Cooking and Beating Egg Yolks: Hollandaise Sauce

For some recipes, egg yolks may require cooking as they are beaten. This is true of hollandaise sauce, which is an egg yolk and butter sauce flavored with lemon juice and pepper. When preparing hollandaise sauce, it is important to make sure that everything required for the recipe is within arms reach, because once the cooking process has begun, the beating of the egg yolks cannot stop.

To begin the process of making hollandaise sauce, place the egg yolks in a small saucepan (which is not heated) and add one tablespoon of cold water per yolk.

Whisk the egg yolks and water (off the heat) for about 45 to 60 seconds; then place the pan over low heat and continue to whisk rapidly. The egg yolks must heat slowly; otherwise, the yolks may become granular. If the heat is too high, the yolks will scramble. It is important to keep the egg yolks in constant motion.

A sink or large bowl containing ice water should be nearby so that if the egg yolks begin to become too warm, the pan can be plunged into the cold water to stop the cooking process.

When the egg yolks are smooth and have increased in volume (as shown in the picture on the right), remove the pan from the heat. You should be able to briefly see the bottom of the pan between strokes of the whisk.

While whisking continuously, add clarified butter or softened whole butter to the yolks. If using clarified butter, make sure it is not too warm. Add the butter slowly, whisking in small amounts at a time. The sauce will not thicken properly if too much butter is added right away. One large egg yolk has the ability to absorb as much as 3 ounces of butte; however, it is advisable to use less than this (2 ounces per yolk is suitable) to ensure that the yolks absorb all of the butter.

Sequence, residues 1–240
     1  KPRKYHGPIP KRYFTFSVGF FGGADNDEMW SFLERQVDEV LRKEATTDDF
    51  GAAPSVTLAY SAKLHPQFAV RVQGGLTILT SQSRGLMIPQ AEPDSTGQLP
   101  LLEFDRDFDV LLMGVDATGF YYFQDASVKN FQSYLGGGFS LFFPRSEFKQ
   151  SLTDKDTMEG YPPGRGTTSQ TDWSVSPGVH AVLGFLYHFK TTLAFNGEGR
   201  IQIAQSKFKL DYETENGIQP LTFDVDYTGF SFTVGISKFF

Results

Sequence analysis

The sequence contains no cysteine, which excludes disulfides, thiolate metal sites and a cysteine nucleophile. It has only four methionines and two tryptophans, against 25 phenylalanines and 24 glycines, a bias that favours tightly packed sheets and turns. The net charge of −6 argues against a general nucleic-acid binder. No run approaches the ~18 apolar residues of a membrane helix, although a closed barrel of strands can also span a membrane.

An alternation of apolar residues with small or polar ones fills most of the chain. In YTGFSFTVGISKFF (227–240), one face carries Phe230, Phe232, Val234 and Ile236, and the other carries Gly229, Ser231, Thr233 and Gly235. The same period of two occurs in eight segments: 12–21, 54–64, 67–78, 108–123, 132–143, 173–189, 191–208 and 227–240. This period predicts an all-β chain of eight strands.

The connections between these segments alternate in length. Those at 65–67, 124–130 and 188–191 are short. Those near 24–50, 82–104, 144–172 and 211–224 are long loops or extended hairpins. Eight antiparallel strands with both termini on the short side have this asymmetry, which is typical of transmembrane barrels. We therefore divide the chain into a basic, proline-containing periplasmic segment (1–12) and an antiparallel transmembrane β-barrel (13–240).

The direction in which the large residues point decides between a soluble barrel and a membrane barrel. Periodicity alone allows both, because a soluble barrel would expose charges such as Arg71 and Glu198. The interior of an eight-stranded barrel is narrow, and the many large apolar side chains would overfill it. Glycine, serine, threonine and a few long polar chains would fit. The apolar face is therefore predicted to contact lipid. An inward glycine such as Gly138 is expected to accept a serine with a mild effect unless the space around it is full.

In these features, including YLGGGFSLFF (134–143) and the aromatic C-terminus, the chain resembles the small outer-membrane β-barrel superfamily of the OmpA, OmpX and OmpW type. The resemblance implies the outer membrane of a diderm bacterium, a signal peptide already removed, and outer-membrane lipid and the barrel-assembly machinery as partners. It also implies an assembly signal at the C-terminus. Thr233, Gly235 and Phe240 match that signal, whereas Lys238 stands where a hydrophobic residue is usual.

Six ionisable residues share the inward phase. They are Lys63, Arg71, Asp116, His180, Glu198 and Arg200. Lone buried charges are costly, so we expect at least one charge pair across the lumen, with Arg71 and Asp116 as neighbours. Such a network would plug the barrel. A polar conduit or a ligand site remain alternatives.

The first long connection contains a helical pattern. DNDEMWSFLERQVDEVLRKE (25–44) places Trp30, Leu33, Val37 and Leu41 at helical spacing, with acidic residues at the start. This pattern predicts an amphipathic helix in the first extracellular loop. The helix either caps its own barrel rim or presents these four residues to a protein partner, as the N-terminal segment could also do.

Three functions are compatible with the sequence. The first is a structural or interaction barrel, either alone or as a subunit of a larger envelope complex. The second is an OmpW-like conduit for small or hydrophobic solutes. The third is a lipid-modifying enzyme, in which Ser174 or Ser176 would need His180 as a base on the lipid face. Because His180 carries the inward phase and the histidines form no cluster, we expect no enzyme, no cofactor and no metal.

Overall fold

Using clarified butter makes the hollandaise sauce thicker; using whole butter, which contains milk solids and water, makes a thinner sauce. A thin sauce is appropriate for use on light recipes of fish, seafood, or asparagus; a thick sauce is best for serving on eggs benedict or steak.

To finish the hollandaise sauce, add some lemon juice while whisking; then add some salt and white or black pepper to taste.

To see a recipe for hollandaise sauce, including the exact ingredients and measurements, see, "Classic Hollandaise Sauce Recipe."

There are several variations of hollandaise sauce that are prepared exactly the same as hollandaise. The only difference among the variations is the flavorings used to finish the sauces. Rather than lemon juice, the variations are flavored with other ingredients.

  • Béarnaise Sauce: flavored with tarragon, shallots, pepper, and wine rather than lemon juice.

  • Choron Sauce: flavored the same as béarnaise with the addition of tomato paste.

  • Colbert Sauce: the same as béarnaise except that it is also flavored with meat glaze.

  • Chantilly Sauce: exactly the same as hollandaise (including the lemon juice) except that whipped cream is folded into the sauce.

  • Vin Blanc Sauce: the same as hollandaise sauce (including the lemon juice) except that it is flavored with white wine fish stock.

  • Maltaise Sauce: hollandaise flavored with orange juice (in addition to the lemon juice).